Also you may want the make install rule to install the plugin under the user plugins directory (on my Linux system it's ~/.local/share/radare2/plugins) which is a bit less invasive ;)
 

Offline david.given

  • Contributor
  • Posts: 6
  • Country: ch
Re: EEVblog #1144 - Padauk Programmer Reverse Engineering
« Reply #69 on: November 19, 2018, 01:58:23 pm »
The architecture's engagingly minimal --- memory/memory architecture, one register! I actually have a self-hosting tiny compiler (<plug> http://cowlark.com/cowgol </plug>) which would map very nicely onto this thing. Sadly, it doesn't have enough RAM to run the compiler on itself...

If anyone comes up with a simulator which will run PDK files, I'd love to know about it!
 

Offline gdelazzari

  • Contributor
  • Posts: 15
  • Country: it
Re: EEVblog #1144 - Padauk Programmer Reverse Engineering
« Reply #70 on: November 19, 2018, 02:37:44 pm »
Uhm, I just noticed the PMS150/PMS150C opcodes are different from the PMS154C ones, while still being 14-bit wide. Seems like there are multiple encodings for the same instructions.

For instance:

mov A, 0xAA       -> 0x17AA
mov <addr>, A    -> 0x05C.. something like that
pcadd a               -> 0x0017
wdreset                -> 0x0030

But they're not totally different, most of the time it's just one bit off. Also the PDK fill pattern is 0x1FFF instead of 0x3FFF.

This may need some investigation.

edit: actually no value goes beyond 0x1FFF, I should have noticed that before. Seems like they shaved one bit off and the opcodes are 13-bit (?) if that makes any sense.
« Last Edit: November 19, 2018, 02:42:39 pm by gdelazzari »
 

Offline FrankBuss

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  • Posts: 2256
  • Country: de
    • Frank Buss
Re: EEVblog #1144 - Padauk Programmer Reverse Engineering
« Reply #71 on: November 19, 2018, 03:11:50 pm »
If anyone comes up with a simulator which will run PDK files, I'd love to know about it!

Maybe it could be added as a target for QEMU. It has already all kinds of infrastructure functions to implement a new target without too much effort, and it is very fast, because it translates the code to native assembler code on the fly, like a JIT compiler. And it has already functions for timers, interrupts etc.
So Long, and Thanks for All the Fish
Electronics, hiking, retro-computing, electronic music etc.: https://www.youtube.com/c/FrankBussProgrammer
 

Offline spth

  • Regular Contributor
  • *
  • Posts: 78
  • Country: de
Re: EEVblog #1144 - Padauk Programmer Reverse Engineering
« Reply #72 on: November 19, 2018, 03:27:18 pm »
If anyone comes up with a simulator which will run PDK files, I'd love to know about it!

I intend to get support for some Padauk devices into SDCC. For this, they'd need to be supported in the asxxxx fork that SDCC uses, the linker and the uCsim simulator. Support for the Single-Core devices will probably come first (as the lack of sp-relative addressing is a serious restriction for the multicore devices, requiring careful though on how to work around it).

Philipp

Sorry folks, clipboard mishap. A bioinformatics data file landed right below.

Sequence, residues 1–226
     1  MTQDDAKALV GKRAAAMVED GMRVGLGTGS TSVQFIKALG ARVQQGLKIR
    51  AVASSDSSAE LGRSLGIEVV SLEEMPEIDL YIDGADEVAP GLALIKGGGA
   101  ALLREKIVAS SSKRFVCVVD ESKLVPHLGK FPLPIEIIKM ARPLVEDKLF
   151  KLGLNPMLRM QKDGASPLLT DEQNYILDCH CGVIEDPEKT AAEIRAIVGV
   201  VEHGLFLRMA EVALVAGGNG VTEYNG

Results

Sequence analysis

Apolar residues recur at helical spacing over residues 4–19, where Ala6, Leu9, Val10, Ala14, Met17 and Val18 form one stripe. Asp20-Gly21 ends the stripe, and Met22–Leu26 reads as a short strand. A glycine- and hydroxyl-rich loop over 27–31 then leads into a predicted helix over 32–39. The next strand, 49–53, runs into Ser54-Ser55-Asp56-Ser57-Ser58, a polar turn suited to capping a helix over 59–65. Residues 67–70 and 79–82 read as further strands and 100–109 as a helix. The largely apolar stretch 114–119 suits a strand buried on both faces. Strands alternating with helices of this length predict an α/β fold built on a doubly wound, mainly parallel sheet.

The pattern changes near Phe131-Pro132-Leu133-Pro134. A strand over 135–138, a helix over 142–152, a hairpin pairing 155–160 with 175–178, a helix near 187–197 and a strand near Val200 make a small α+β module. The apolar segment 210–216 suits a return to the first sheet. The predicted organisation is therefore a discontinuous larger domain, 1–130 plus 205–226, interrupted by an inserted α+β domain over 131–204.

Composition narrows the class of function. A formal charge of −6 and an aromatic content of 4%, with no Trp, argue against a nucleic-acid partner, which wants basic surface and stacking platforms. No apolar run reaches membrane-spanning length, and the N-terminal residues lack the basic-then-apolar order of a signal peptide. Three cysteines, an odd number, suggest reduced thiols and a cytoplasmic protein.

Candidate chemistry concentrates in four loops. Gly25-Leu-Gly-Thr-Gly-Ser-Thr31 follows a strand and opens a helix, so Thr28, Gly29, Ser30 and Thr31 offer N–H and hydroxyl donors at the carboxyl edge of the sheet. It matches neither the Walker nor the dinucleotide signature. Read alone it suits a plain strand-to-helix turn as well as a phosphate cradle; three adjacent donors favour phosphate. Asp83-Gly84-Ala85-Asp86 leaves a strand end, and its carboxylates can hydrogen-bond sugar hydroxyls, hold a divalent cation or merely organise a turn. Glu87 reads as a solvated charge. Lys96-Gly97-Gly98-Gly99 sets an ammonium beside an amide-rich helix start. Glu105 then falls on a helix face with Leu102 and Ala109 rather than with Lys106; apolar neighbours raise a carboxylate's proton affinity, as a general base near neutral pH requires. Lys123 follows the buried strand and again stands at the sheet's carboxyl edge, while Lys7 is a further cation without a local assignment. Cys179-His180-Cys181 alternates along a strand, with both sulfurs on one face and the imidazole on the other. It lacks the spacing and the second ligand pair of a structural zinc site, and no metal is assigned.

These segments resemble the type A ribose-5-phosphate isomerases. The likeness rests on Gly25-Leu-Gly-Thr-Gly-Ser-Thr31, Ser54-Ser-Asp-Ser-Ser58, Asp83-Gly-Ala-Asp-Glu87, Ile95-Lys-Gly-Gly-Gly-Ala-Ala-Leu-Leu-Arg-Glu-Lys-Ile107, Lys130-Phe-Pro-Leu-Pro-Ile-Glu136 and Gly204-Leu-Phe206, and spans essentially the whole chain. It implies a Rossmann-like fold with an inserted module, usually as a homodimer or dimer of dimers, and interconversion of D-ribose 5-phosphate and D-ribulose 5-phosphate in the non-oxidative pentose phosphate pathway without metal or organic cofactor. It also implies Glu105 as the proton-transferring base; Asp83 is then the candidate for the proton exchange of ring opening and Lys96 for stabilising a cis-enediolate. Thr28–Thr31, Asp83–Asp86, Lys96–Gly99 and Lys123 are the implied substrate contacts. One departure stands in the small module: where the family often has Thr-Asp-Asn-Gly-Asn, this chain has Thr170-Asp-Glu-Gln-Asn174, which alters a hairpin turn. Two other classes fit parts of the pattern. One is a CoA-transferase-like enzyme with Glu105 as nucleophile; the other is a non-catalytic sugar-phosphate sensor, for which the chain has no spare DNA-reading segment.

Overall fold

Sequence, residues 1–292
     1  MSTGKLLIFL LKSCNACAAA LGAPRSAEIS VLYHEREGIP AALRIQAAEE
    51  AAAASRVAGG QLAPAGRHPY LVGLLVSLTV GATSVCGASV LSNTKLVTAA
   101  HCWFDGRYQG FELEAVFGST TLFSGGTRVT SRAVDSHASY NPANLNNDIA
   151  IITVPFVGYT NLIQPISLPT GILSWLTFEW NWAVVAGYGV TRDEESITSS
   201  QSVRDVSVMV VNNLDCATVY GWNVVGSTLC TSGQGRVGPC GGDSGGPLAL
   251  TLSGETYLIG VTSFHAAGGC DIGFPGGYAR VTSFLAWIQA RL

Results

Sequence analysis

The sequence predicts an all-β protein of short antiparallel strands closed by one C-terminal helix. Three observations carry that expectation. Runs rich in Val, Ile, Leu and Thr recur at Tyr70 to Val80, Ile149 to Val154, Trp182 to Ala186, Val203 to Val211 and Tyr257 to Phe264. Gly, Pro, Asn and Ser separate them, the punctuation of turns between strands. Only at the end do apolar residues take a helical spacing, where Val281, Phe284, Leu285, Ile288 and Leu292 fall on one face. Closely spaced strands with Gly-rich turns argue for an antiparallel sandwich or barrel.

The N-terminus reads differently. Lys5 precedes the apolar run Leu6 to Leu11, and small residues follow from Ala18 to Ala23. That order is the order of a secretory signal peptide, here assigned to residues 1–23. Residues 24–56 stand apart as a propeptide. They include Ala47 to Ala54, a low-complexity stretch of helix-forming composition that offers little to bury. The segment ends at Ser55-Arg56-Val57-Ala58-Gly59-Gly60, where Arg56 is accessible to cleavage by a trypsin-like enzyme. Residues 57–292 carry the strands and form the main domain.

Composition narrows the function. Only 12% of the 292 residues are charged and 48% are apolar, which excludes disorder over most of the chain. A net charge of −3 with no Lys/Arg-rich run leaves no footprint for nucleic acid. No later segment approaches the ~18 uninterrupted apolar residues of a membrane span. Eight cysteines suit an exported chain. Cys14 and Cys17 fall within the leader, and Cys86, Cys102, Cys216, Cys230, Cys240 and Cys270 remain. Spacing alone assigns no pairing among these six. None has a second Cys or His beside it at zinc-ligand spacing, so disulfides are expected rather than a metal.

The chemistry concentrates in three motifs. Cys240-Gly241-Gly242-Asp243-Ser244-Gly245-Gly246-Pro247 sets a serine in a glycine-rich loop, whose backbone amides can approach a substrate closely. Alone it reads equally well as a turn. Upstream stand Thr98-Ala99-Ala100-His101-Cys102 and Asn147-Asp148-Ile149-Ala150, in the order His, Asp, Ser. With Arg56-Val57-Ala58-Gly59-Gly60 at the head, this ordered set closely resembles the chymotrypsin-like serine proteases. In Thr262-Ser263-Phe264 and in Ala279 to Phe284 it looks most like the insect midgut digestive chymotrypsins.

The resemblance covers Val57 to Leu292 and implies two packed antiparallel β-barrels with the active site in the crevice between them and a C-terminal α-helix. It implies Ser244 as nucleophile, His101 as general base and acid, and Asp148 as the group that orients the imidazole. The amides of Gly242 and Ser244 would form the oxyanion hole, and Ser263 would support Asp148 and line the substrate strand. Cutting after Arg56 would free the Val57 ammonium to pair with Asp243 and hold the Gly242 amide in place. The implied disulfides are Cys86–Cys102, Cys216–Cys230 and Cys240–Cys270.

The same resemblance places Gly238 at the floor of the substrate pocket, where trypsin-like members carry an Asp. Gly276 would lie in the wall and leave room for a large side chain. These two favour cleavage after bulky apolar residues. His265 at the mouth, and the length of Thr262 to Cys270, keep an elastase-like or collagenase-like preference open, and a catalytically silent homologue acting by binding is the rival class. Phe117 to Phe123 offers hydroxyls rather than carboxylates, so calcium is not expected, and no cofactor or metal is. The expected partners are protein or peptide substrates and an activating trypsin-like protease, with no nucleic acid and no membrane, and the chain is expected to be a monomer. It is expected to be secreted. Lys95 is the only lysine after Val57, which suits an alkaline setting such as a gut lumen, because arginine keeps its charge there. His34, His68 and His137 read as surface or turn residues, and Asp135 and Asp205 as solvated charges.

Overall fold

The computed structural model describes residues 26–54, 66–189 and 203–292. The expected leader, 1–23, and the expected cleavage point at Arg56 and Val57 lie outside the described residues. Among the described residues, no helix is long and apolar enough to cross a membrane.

Offline spth

  • Regular Contributor
  • *
  • Posts: 78
  • Country: de
Re: EEVblog #1144 - Padauk Programmer Reverse Engineering
« Reply #73 on: November 19, 2018, 03:35:43 pm »
Uhm, I just noticed the PMS150/PMS150C opcodes are different from the PMS154C ones, while still being 14-bit wide. Seems like there are multiple encodings for the same instructions.

For instance:

mov A, 0xAA       -> 0x17AA
mov <addr>, A    -> 0x05C.. something like that
pcadd a               -> 0x0017
wdreset                -> 0x0030

But they're not totally different, most of the time it's just one bit off. Also the PDK fill pattern is 0x1FFF instead of 0x3FFF.

This may need some investigation.

edit: actually no value goes beyond 0x1FFF, I should have noticed that before. Seems like they shaved one bit off and the opcodes are 13-bit (?) if that makes any sense.

There are 3 different instruction sets¹ (each with some minor variation such as possible presence of mul). I assumed them to be 14, 15 and 16 bits. But from what you found it seems that they are 13, 14 and 16 bits. The 13-bit instruction set would be used on devices that have up to 1 kiloword of program memory, the 14-bit instruction set for up to 2 kilowords of program memory. The 16-bit instruction set would then be for larger and multicore devices.

Philipp

¹ According to an email by Padauk.
 

Offline DDunfield

  • Regular Contributor
  • *
  • Posts: 173
  • Country: ca
Re: EEVblog #1144 - Padauk Programmer Reverse Engineering
« Reply #74 on: November 19, 2018, 04:49:12 pm »
Hi Guys,

Just found this thread. Seems like we've been duplicating some work.

I was planning to develop a PC based simulator to allow code to be quickly
tested and debugged, and also perhaps an STM32 based one which would allow
code to be tested "in circuit" with downloadability and decent debugging
capability. Would also like to eventually include device programming in
the STM32 but I've not looked really looked into it yet.

Here's what I've figured out about the instruction set:
I've added some notes and questions at the end, if anyone can help clarify